By Charles Lam
By R. Scott Moxley
By Gustavo Arellano
By R. Scott Moxley
By Gustavo Arellano
By R. Scott Moxley
By HG Reza
'I Lit the Fire'
Jared Petrovich claims he was just following orders when his words sparked a fatal jailhouse beating
The inmate sitting on the metal stool on the opposite side of a thick plate of shatter-resistant and nearly soundproof glass looks confused. Perched on his nose are ill-fitting, plastic-rimmed eyeglasses. He's squinting nervously, leaning forward, intently grasping a telephone, his elbows on the steel table before him. His short-sleeved orange jump suit seems custom-made to reveal the tattoos that decorate his upper body.
Two five-pointed stars mark either side of his neck. On his arms is a complex pattern of skulls, crosses and an embryonic infant sucking liquid through what looks like a combination of a beer bong and an umbilical cord. Etched on his elbows are two words that pretty much sum up the life story and present predicament of Jared Louis Petrovich: "Lost Soul."
Eighteen months ago, Petrovich was a 24-year-old drug user whose addiction to methamphetamines had kept him behind bars for much of the past decade. Now he's an accused murderer facing life in prison for playing a central role in the bloodiest jailhouse murder in Orange County history. The slaying took place inside the jail where Petrovich awaits trial: Theo Lacy Facility, a sprawling medium-security prison across the street from the Block in Orange.
Petrovich had been sent there on Sept. 6, 2006, after being arrested for possession of methamphetamines. Along with roughly 150 other nonviolent offenders, he was housed inside F-West barracks, a medium-security dormitory divided into numerous cubes, or six-man sleeping areas. Less than a month after he arrived, at about 6 p.m. on Oct. 5, 2006, the inmates had just returned to their barracks from the chow hall and were enjoying their evening access to the day room.
Petrovich was playing cards with three other inmates at a table near the televisions while, several yards away, in the corner of Cube D, half a dozen white inmates were beating the living hell out of John Derek Chamberlain, a 41-year-old Mission Viejo software engineer who'd been arrested for possession of child pornography. Petrovich knew Chamberlain was being beaten up because, by his own admission, he had just told the men now attacking Chamberlain that the inmate was a "chester"—jailhouse slang for child molester.
Petrovich claims he didn't touch Chamberlain himself, but as he readily acknowledges, "I lit the fire."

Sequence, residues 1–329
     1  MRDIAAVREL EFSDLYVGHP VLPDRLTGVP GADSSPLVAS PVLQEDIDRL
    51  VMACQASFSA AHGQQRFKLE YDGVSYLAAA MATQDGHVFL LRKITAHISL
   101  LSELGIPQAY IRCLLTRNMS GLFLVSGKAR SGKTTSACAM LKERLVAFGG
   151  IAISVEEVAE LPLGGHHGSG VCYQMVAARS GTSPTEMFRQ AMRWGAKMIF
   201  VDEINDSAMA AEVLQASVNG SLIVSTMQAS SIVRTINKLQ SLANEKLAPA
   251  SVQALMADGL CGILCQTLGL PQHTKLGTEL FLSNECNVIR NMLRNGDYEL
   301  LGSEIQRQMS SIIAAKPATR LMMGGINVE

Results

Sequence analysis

While Petrovich played pinochle, as many as two dozen inmates kicked, stomped and punched Chamberlain to death; sodomized him with foreign objects; and scalded him with hot water (see "Blind Spot," March 30, 2007). Meanwhile, deputies, who later claimed they were watching a baseball game on television in the guard tower, did nothing to stop the attack.
Chamberlain was pronounced dead that evening; an autopsy ruled his death the result of blunt-force trauma to the head. In the year since then, prosecutors have arrested nine inmates, including Petrovich, for the crime, and they say more arrests are likely to follow. The county has also paid a $600,000 settlement to Chamberlain's family. After a sheriff's department investigation, the Orange County district attorney conducted its own probe; there was even a nine-month grand-jury investigation.
But in a March 7 press conference, DA Tony Rackauckas said he found no evidence to support charging any deputy with a crime in connection with the killing. "If we could have proven a case that any member of the sheriff's department, from the lowest ranking to the top of the department, was criminally responsible for the death of Mr. Chamberlain, there is no question that indictments would have been issued," Rackauckas said. Two high-ranking sheriff's officials did lose their jobs thanks to the scandal; Rackauckas has promised his eventual report on the murder will help bring about badly needed reforms at the jail.
The grand jury never called Petrovich to testify about the murder because prosecutors refused to go along with his attorney's request that he be granted immunity for anything he told them.
Meanwhile, Petrovich has remained in solitary confinement. Other than occasional visits from family members and his attorney, as well as infrequent trips to a courtroom, he hasn't had much company. Until now, he's never spoken to a reporter. He spends his days working out, watching television and reading magazines. He doesn't really know how he went from being a typical suburban kid with loving parents to a drug addict and accused murderer. But mostly he doesn't understand why nobody believes his story: that a deputy told him Chamberlain was a child molester and specifically instructed him to see to it that Chamberlain was punished for it. "If the truth came out," he says, shaking his head in a weary, almost fatalistic motion, "I'd be a free man instead of wasting my life away for something I didn't do."
* * *
To make sense of what happened to Chamberlain—and to understand Petrovich's role in the brutal murder—one has to begin with the subculture of Orange County's jail system. Although prison gangs such as the Mexican Mafia, the Aryan Brotherhood, the Nazi Lowriders and the Black Guerrilla Family all have members housed at Theo Lacy, their numbers are fewer than at state prisons. Yet all inmates belong to less well-known cliques that, like their more sinister state-prison counterparts, are divided along racial lines. White inmates are known as Woods; Latino inmates are divided between the Southsiders, made up of Southern California-raised gangbangers, and the Paisanos, mostly Mexican-born inmates, many of whom are illegal immigrants and don't speak English.